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U of T Great Past

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Question

What was the setting in 1972 for another chapter in U of T student activism?

Answer Plans to limit undergraduate access to Robarts Library sparked a 4,500-name petition and two sit-ins in Simcoe Hall.

On March 15, 1827, King's College - the precursor to the University of Toronto - was granted its royal charter by King George IV. Throughout 2002, U of T celebrated 175 years of Great Minds. As part of the celebration, the U of T website featured excerpts from The University of Toronto: A History, written by Martin Friedland, University Professor and Professor Emeritus of Law at U of T.

(In his chapter on student activism, Friedland discusses the rising tide of student protests at U of T, culminating in the 1972 Robarts sit-in, 30 years ago this week:)

The Toronto police were called in to end a Simcoe Hall sit-in in 1972 over the issue of access to the library stacks in the as-yet-unopened Robarts Library.


Toronto police broke through the senate door and evicted 25 protesters. The next day, 500 showed up.

When the library was planned, it was assumed that faculty members, graduate students, and fourth year undergraduates would have access to the stacks, but not other students. The undergraduates, however, wanted equal access. Bob Spencer, the Students' Administrative Council (SAC) president, wrote to Jack Sword, the acting president - following Claude Bissell's resignation as of July 1, 1971 - pointing out "the almost unanimous opposition of the student body" to the proposed stacks policy, an opposition that included SAC and the Graduate Students Union. A petition containing 4,500 names was placed before the library council. Linda McQuaig, the co-editor of the Varsity and now a well-known author, presented 2,500 coupons that had been printed in the paper and that students had signed and returned. The students' position was in line with other demands for equality respecting such issues as the equal treatment of general and honours students.

"Books, like all other raw materials of education," one pamphlet read, "should be available to anyone who wants to use them." A library council committee, chaired by English professor Peter Heyworth, continued to recommend limiting access, and this was approved at a meeting of the senate in the Medical Sciences Building on a Friday evening in March 1972 by a vote of 67 to 28.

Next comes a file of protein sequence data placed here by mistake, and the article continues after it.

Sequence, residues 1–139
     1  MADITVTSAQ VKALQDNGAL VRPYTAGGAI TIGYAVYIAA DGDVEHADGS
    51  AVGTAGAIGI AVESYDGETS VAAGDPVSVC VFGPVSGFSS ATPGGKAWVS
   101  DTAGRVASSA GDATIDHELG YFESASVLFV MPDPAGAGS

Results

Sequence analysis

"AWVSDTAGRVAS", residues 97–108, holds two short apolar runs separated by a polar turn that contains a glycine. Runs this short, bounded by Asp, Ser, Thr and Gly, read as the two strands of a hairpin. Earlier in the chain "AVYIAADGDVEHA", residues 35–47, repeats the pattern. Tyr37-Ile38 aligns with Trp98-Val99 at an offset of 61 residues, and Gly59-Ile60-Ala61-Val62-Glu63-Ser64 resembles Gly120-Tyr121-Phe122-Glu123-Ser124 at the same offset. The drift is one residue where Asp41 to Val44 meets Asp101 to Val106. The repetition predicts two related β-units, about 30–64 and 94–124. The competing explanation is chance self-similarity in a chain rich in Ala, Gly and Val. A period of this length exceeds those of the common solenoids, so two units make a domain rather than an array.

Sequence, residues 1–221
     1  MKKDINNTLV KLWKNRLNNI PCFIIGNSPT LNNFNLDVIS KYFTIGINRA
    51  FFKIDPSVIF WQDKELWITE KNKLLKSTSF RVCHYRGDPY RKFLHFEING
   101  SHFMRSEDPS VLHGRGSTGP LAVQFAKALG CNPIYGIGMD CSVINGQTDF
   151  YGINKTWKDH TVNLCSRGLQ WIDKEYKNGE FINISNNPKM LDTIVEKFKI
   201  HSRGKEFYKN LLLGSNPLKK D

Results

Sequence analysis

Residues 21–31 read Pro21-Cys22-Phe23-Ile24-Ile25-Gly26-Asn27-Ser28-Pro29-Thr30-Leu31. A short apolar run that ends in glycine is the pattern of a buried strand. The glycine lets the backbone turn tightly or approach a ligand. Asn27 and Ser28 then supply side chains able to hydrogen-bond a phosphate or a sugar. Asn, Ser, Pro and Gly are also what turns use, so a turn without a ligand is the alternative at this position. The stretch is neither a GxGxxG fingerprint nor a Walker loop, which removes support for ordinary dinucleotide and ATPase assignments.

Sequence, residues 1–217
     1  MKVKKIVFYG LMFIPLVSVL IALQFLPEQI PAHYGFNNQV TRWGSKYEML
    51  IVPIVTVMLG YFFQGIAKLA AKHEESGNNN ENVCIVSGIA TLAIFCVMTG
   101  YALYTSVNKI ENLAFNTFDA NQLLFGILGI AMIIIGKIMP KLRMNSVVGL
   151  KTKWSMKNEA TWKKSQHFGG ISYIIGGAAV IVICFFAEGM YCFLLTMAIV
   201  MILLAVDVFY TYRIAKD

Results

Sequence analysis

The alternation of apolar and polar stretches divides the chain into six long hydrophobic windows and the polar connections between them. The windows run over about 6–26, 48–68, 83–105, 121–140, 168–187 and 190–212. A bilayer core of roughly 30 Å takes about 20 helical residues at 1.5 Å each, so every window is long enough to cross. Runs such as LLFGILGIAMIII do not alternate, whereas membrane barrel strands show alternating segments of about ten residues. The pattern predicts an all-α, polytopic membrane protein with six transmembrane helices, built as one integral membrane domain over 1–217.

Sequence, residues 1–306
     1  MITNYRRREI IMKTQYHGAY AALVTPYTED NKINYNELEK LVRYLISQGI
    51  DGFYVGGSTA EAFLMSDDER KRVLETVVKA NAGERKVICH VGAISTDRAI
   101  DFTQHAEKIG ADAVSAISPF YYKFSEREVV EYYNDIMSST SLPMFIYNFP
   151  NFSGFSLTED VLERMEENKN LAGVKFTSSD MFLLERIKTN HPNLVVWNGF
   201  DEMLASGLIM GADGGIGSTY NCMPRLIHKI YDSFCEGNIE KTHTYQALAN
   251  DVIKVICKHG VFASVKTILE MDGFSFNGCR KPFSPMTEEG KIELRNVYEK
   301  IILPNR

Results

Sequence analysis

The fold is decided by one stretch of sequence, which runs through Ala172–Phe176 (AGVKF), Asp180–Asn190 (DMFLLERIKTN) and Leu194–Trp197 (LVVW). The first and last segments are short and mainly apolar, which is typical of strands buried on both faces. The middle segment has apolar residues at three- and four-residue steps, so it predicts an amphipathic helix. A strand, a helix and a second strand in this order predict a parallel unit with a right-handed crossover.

Spencer arrest
SAC president Bob Spencer being arrested at the first sit-in

After the vote, about 75 people left the meeting and forced their way into Simcoe Hall. They refused to leave the senate chamber until the senate had met again and granted open stack access to all undergraduates. On Sunday morning, about 25 protesters who remained in the building were evicted with the assistance of the Toronto police, who had to break through the door of the senate chamber to get in. Fourteen people were charged with criminal code trespass offences, including SAC's president Spencer and Thomas Walkom, a co-editor of the Varsity and now a writer for the Toronto Star. Four others were charged with trespass along with more serious charges, such as assault.

Sword
U of T's acting president Jack Sword at the second sit-in.

On Monday afternoon, a mass student rally in Convocation Hall was followed by another occupation of the senate chamber, this time by more that 500 people. Removing this number posed the significant risk that the violence would escalate. The occupation was abandoned the following day after extensive negotiations and after Acting President Sword said he would call another meeting of the senate and would personally support equal access to the stacks, subject to a daily quota to be set by the library administrators. The University also agreed to tell the crown attorney that it was not in the University's interest to proceed with the charges.


It was the "potentially most dangerous student demonstration" in 25 years, an administrator said.

Sword sent a detailed letter to the university community explaining the problems the administration had faced. "The calling of police to clear the building of six to eight hundred students," he wrote, "would have involved a very large number of police and the probability of serious violence and damage, and we would have borne the responsibility of using overwhelming force against our own students." Nevertheless, the council of the faculty association condemned the administration's actions by a vote of 14 to 3. "The reaction of conservative faculty against the administration," Acting Provost Donald Forster acknowledged, "was quite bitter and left some wounds which will take time to heal."

As it turned out, the crown attorney agreed to drop the trespassing charges but proceeded with the more serious charges, which resulted in convictions in three cases, Friedland goes on to write. The incidents, recalled Vice-president Ross in his memoirs, "were the potentially most dangerous to the university among all the student demonstrations which took place" in his twenty-five years as a university administrator. When the library opened in 1973, it was decided by the library itself that upon application all students would be given stack passes.

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